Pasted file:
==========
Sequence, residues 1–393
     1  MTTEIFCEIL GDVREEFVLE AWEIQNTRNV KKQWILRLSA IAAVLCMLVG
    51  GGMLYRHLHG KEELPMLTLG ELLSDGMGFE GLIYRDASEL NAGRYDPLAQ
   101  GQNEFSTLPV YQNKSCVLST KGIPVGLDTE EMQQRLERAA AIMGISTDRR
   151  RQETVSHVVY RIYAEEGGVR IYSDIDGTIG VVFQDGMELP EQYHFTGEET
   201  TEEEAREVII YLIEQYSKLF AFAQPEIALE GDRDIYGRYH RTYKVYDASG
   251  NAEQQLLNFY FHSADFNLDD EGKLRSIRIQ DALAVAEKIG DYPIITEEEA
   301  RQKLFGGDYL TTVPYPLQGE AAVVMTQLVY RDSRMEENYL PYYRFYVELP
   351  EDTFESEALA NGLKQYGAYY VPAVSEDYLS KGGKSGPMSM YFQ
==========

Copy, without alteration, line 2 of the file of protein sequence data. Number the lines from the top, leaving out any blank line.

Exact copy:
     1  MTTEIFCEIL GDVREEFVLE AWEIQNTRNV KKQWILRLSA IAAVLCMLVG